By: Ryan McCarroll
The Commerce Departmentís first estimate at second quarter GDP firmly beat expectations. The 1.7% increase in real GDP compared to the +1% consensus by economists. The release was not all together encouraging however, due to substantial downward revisions to the first quarter reading (+1.1% from +1.8%) and fourth quarter of 2012 (+0.1% from +0.4%). A central driver of the increase in second quarter GDP and the sluggish first quarter GDP was the extent of government spending reductions. Government spending declined at a 4.2% annual rate in the first quarter vs. a 0.4% annual decrease in the second quarter. Whether this trend continues or reverts to levels seen earlier in the year will have a noteworthy impact on third quarter GDP.
July employment readings were generally downbeat, but certainly not game changing. Businesses added 162 thousand new jobs during the month, down from +188 thousand in June. In addition to the slowdown in new jobs, the average work week declined by 0.1 hour and average hourly earnings declined by 0.1%. Data from the household survey showed that the unemployment rate fell 0.2% to 7.4%. While the decline in the unemployment rate is encouraging, it was partially a result of a decline in the labor force participation rate.
The downbeat July labor report did not do much to change market expectations of Federal Reserve action at the September FOMC meeting, when many expect that QE tapering will begin. The Fed has indicated previously an unemployment rate of 7% would indicate enough improvement to warrant the end of quantitative easing. With the unemployment rate at 7.4%, the September meeting would be an opportune time to begin the process, if indeed it intends to taper its asset purchases slowly.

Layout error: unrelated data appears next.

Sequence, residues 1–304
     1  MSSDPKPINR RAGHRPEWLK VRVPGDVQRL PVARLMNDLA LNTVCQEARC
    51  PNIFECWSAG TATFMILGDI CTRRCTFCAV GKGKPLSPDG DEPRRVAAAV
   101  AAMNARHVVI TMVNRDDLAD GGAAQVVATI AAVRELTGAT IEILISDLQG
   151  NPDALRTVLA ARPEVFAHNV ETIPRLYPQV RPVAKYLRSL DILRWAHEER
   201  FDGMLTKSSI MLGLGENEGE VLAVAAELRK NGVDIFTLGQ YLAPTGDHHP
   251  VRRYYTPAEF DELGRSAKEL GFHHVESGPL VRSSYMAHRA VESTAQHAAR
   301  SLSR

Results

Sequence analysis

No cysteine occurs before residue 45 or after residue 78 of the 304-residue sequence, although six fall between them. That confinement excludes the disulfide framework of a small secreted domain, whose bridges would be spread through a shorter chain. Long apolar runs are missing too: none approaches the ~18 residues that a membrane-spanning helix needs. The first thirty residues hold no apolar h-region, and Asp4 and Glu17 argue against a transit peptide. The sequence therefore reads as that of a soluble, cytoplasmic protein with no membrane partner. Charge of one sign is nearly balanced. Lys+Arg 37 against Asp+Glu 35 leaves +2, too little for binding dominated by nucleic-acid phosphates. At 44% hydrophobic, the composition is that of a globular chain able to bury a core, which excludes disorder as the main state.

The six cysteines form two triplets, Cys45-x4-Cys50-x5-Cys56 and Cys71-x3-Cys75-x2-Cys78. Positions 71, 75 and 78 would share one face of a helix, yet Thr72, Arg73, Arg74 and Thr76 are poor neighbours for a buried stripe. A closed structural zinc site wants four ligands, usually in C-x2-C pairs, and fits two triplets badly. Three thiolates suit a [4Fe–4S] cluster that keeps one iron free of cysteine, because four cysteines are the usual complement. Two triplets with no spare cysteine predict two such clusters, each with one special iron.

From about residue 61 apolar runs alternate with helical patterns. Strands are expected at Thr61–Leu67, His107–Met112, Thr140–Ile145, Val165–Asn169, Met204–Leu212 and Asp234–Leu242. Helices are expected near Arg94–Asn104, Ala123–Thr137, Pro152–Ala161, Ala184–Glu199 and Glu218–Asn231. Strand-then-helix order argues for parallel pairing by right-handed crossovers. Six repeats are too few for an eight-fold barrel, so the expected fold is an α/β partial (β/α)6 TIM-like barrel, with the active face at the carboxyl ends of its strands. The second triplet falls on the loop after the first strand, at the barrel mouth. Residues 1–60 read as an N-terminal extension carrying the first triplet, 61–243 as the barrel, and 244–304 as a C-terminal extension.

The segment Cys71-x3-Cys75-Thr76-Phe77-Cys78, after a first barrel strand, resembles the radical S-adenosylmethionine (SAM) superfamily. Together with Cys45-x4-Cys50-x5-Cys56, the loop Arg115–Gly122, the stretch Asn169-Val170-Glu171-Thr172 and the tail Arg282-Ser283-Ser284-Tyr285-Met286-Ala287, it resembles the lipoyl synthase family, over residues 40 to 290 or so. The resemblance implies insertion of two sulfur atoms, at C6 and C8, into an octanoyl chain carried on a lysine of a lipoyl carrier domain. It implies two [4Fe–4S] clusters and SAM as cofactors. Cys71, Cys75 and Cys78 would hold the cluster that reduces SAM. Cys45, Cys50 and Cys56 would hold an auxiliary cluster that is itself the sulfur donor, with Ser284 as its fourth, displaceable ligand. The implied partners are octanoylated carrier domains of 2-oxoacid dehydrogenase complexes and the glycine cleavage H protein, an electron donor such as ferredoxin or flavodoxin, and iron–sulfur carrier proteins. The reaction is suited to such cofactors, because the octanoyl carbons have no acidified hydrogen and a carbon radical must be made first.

The pace of home price appreciation will be an important topic to watch over the near term as mortgage rates have increased along with the Fed taper discussions. The most recent S&P/Case-Schiller home price index released in July showed a strong 2.4% month over month increase and a 12.2% year over year increase. However, the release is subject to a lag and is representative of May data, largely prior to the recent material increase in mortgage rates. The extent to which the change in rates affects home prices appreciation could have an important impact on economic activity via consumer confidence and spending.